If you only filter for script tags, yes. For example: <img src="x" onerror="alert(1)" /> Or <div style="position: absolute; top: 0; left: 0; width: 9999px; height: 9999px; z-index: 9999" onmouseenter="alert(1)"></div> Or an infinite number of other vectors. You need to properly filter the entire contents when you write them out to ...


3

Current versions of PHP detect and prevent newline injections in the header function, see How to avoid HTTP Header Injection (new lines characters). In older versions pf PHP you could probably do something like login.php?redirect=%0D%0A%0D%0A<script>... Which would break out of the header and result in Location: <script>... And your ...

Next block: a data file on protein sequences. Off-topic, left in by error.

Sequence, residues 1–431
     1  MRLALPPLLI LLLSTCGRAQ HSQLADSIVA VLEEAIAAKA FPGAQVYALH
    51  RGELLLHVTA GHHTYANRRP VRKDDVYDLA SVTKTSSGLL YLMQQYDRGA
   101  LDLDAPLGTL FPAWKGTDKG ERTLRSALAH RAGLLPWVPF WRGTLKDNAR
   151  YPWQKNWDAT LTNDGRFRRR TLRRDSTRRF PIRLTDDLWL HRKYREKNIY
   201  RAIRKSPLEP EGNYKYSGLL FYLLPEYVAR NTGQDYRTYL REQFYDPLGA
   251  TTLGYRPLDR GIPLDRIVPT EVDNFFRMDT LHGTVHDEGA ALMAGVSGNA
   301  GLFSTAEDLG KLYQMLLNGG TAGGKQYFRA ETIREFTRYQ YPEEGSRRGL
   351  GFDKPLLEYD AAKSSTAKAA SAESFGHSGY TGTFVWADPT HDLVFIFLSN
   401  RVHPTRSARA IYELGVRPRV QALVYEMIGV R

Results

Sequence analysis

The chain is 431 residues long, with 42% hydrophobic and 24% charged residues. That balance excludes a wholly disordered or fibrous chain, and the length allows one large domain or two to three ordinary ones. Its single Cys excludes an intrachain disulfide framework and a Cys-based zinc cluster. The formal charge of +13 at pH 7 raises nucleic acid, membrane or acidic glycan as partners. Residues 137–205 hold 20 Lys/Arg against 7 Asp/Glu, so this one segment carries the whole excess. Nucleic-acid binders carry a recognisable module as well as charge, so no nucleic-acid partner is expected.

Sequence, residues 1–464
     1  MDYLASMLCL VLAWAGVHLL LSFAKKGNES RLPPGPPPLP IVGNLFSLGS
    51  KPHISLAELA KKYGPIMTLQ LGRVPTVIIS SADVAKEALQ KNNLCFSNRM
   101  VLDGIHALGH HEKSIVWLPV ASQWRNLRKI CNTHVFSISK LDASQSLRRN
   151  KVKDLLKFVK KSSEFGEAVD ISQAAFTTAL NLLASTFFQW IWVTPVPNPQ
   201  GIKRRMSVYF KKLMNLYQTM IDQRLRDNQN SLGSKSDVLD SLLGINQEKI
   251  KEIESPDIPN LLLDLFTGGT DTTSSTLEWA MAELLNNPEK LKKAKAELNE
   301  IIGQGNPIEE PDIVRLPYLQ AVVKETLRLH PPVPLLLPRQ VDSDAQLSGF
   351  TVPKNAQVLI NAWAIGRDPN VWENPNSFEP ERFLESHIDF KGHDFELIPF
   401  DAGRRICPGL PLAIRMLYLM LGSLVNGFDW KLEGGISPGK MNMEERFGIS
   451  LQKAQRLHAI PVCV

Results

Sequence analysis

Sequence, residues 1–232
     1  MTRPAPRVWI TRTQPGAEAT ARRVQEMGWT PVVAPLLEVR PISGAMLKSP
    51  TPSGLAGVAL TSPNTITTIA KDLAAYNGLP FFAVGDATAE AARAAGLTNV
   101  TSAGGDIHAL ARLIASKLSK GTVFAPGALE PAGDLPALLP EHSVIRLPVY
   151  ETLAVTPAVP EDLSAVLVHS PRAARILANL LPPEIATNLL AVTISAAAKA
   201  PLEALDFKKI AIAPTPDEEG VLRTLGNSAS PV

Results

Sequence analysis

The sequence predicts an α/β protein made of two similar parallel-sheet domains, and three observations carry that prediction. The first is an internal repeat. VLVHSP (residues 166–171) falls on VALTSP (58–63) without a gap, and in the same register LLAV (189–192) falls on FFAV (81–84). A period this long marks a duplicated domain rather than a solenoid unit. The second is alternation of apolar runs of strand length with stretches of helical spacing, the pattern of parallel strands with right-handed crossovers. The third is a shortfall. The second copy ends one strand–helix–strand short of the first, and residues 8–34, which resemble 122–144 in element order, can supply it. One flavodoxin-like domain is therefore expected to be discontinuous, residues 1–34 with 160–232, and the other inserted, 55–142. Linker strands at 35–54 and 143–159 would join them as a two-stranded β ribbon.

3

As far as I know it is impossible to insert a completely fake Referer header within a normal browsing session. But there are various ways to make sure that no Referer header is sent at all. Thus as long as you only allow to be framed if the Referer header is set and that the domain in the Referer is explicitly allowed to frame your site you should be safe. ...


3

No, I don't think so. It could be circumvented by creating an iframe with display: none, containing the page add-users.php. Then all the attacker has to do is to fill in the form fields and submit the form with JavaScript, and the attacker has successfully added a user without the victim's consent or knowledge. Checking the referer header would not stop ...


2

Yes, and quite easily (if I understand the question correctly). If a website has a comments section which allows the user to post anything (or any section where it allows a user/visitor to post anything) and it outputs what they enter exactly as it appears without any sanitation, they could enter something like: <script ...


2